The last letter to fall was the OSLER/ALLA L. Lucky guess.

I love blackjack, so ACETEN almost made up for the vehicular disaster at 40A. But not quite. No, not even close.

AnnieD 9:13 AM  

I found this puzzle to be more easy than medium. Perhaps because the closest it got to sports references was OVALS and BBALL. To me, SCHORR was a lot less obscure than most of the sports characters. I had Tampa before Ocala, wanted Noriega not Ortega (didn't he invent the taco sauce??) I wanted something like the Rust Belt instead of the Ohio Valley. Never heard of BLOATERS and almost sorry I have now...blecch...but no naticks, so very doable.

I knew VIREOS right away because when I was first trying to identify that bird with a most lovely song, I had them confused with VEERYS...they sound almost like pan pipes.

Veery Song

Always a pleasure to hear on my walks in the woods.

Anonymous 9:15 AM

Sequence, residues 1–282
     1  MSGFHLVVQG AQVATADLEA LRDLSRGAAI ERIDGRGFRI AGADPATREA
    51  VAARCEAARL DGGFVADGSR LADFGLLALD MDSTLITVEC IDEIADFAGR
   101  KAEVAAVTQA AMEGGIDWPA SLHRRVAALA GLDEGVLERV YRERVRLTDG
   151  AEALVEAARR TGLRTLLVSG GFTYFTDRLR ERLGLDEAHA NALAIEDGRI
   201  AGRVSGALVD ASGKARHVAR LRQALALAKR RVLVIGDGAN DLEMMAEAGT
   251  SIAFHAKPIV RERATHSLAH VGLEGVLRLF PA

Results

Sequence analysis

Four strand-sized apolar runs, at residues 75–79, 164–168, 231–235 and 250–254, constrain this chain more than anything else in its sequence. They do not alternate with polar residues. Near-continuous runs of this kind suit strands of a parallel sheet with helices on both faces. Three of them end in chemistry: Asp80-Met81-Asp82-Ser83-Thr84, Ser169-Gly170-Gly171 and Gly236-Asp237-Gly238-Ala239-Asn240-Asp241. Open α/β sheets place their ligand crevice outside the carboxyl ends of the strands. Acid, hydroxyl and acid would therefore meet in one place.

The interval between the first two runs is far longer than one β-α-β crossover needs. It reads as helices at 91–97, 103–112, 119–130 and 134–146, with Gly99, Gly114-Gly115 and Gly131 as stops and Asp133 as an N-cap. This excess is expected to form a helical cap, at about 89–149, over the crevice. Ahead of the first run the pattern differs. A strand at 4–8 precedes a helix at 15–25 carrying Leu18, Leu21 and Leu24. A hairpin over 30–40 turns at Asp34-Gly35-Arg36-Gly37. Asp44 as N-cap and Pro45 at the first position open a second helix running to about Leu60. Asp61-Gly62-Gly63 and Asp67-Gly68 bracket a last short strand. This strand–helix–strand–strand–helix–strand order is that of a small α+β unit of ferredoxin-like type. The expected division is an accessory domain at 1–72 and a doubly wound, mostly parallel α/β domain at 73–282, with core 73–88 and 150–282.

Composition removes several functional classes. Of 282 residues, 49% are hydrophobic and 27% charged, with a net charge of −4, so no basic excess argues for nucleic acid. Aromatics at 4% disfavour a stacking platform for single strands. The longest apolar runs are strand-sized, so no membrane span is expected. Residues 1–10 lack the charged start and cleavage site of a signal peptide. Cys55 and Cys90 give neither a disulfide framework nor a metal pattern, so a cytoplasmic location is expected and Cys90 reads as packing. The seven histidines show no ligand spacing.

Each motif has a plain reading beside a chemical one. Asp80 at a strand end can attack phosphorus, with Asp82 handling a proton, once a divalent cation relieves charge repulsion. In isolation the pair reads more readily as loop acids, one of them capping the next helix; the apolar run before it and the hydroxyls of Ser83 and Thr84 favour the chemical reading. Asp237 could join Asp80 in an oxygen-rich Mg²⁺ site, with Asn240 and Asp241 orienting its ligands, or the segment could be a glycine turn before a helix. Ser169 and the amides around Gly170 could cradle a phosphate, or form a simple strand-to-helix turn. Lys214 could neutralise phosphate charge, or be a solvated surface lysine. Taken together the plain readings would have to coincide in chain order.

You lost me at "begem." looks short for "beg them." no soup for this puzzle.

Loren Muse Smith 9:19 AM  

I always struggle with proper nouns and can never spell DALAI. I always want an "h" there.

@Z - I had "manuel" for DANIEL, and that messed me up for a while. Also, wanting BRONCo, I started to smell a BLOATER, er, rat, and was thinking rebus.

Before WAVEFORM fell, all I had was ALLEY, and that parsing was my most serious set back. Was looking for some kid of weather phenomenon there.

Hand up for wincing at BEGEM and wanting a couple more theme answers.

Just finished watching “Space Cowboys,” and somehow I was happy that CLINT was clued as a director and not an actor.

quilter1 9:33 AM  

Loved the write-up although I'm not well versed enough in construction to do such critique myself. I could see all of Rex's points and agree that there could have been two more theme answers. BLOATERs sound disgusting and I've eaten some pretty exotic foods, such as pre-white man Inuit food. I do rate the puzzle easy though.